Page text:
Will Mu­rai’s stu­dio

Per­fectly formed The busy artist ex­plains how ev­ery inch of his small but stylish São Paulo workspace is de­signed to in­spire

ImagineFX - - Contents -

Back in 2007, a worldlead­ing game pub­lisher hired me as a 2D artist for its São Paulo branch. Brazil’s cap­i­tal is the largest me­trop­o­lis in South Amer­ica, and one of the most in­flu­en­tial cities when it comes to arts and en­ter­tain­ment.

I’m here with my wife – who was my girl­friend at the time of the move – and we chose this great two-storey apart­ment near one of the busiest ar­eas in the city, two blocks from Paulista Av­enue. It’s sur­pris­ingly quiet for such a busy, in­ner-city area, though. And we have ev­ery­thing we need nearby: sub­way sta­tions, shop­ping malls, mu­se­ums, as well as restaurants and bars. I also wanted to live within walk­ing dis­tance of the of­fice so I could avoid the in­fa­mous São Paulo traf­fic jams.

A few years later, I choose to work as a free­lancer, which meant we had to adapt our liv­ing room into my stu­dio. Even if a few ex­tra square me­tres would be use­ful, the small space isn’t a ma­jor prob­lem for me be­cause most of my work is done dig­i­tally.

I try to keep my work­sta­tion as clean as pos­si­ble, with only the com­puter and Cin­tiq on it, and I use a track­pad in­stead of a mouse. Be­sides be­ing a great de­vice for multi-touch ges­tures – such as ro­tate, pinch to zoom and so on – it also frees up space on my desk.

When it comes to tra­di­tional stuff, I only keep my sketch­book and pen­cils around. I still pre­fer to use them to sketch ini­tial ideas and con­cepts.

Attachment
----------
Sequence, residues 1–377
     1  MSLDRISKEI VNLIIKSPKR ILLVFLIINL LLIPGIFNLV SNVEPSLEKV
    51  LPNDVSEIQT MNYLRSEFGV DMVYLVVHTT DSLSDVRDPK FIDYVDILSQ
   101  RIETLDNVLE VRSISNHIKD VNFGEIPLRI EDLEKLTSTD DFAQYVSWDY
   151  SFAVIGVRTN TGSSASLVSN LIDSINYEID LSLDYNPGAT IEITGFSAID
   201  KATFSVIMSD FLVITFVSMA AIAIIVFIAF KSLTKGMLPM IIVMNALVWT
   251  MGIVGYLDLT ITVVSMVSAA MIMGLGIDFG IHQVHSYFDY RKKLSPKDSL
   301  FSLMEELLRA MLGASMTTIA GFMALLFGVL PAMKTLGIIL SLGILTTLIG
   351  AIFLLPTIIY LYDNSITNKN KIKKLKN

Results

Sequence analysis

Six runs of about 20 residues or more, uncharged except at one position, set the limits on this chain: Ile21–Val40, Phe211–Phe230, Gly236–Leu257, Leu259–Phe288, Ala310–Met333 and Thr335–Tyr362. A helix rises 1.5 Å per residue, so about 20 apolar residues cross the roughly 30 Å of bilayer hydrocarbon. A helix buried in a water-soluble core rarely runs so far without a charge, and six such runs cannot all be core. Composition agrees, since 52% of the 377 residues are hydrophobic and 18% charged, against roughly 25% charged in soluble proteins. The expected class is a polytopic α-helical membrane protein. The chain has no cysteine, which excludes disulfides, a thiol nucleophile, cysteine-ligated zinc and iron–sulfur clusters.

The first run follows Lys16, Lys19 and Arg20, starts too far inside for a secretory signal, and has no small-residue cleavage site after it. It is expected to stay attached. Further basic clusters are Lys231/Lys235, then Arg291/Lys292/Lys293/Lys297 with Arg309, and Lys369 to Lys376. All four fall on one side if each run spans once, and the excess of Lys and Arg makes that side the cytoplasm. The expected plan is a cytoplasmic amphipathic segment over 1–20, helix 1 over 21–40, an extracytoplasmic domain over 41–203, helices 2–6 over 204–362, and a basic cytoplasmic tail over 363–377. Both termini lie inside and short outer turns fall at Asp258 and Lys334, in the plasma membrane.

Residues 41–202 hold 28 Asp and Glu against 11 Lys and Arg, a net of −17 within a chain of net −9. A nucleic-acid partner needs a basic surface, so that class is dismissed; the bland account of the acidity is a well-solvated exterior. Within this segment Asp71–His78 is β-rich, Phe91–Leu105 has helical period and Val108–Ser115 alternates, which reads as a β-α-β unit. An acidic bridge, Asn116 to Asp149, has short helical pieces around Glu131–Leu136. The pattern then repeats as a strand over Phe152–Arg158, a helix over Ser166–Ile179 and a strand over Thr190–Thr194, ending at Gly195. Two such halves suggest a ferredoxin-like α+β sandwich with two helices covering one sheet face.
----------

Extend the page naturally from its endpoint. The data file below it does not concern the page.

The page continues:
In my typ­i­cal work­ing day, I try to deal with emails, ac­coun­tancy, meet­ings and all other or­gan­i­sa­tional ac­tiv­i­ties dur­ing the day, then I be­gin the artis­tic, cre­ative stuff late at night. I put my head­phones on and work un­til I get sleepy, usu­ally at around 3am or 4am. I find it very pro­duc­tive to be able to work non-stop this way, with­out any dis­trac­tions.

Brazil­ian il­lus­tra­tor and con­cept artist Will Mu­rai counts Ap­pli­bot, Marvel Comics and Wiz­ards of the Coast among his clients. You can see his art at www.will­mu­rai.com.

I made this stretched can­vas to cel­e­brate the new iden­tity of my port­fo­lio. My great friend Rentz Mun­hoz ( www.rentz.com.br) de­signed the logo, which has been used on all my prod­ucts. The Cin­tiq, un­doubt­edly, is my main draw­ing board and can­vas to­day. It’s hooked up to a 27in iMac with lots of RAM and some ex­tra hard drives work­ing as scratch disks. Ev­ery workspace should have er­gonomic chairs. I’ve had this one for about five years and it still feels like new. They’re de­signed to com­fort­ably ac­com­mo­date the ver­te­bral col­umn. In ad­di­tion, the mesh as­sures that your bot­tom doesn’t feel like mashed pota­toes by the end of the day. When I or­gan­ised this space I made sure all my en­ter­tain­ment and vis­ual stim­u­la­tion was easy to find: my books, mag­a­zines, toys, comics, DVDs, mu­sic and games are all just a few cen­time­tres away.

Our place is lo­cated in one of the busiest ar­eas of cen­tral São Paulo, just a few blocks from Paulista Av­enue. But it’s sur­pris­ingly quiet, even dur­ing the day. My wife and I are fa­nat­i­cal col­lec­tors of anime fig­ures and toy art. You can find limited edi­tion stat­ues, ac­tion fig­ures, vin­tage toys and Evan­ge­lion-re­lated stuff on my shelves. Al­though my work is dig­i­tal, sketch­books are al­ways around, so I can quickly vi­su­alise an idea.

This is is­sue 86 of Imag­ineFX – I cre­ated the cover. It sits along­side var­i­ous other books. One of the best things about work­ing from home is that I can en­joy these things any­time.

This is a cus­tom, hand-painted Mini-Me I cre­ated as a joke. I like to fill my workspace with pieces that stim­u­late cre­ativ­ity, how­ever silly they may be.

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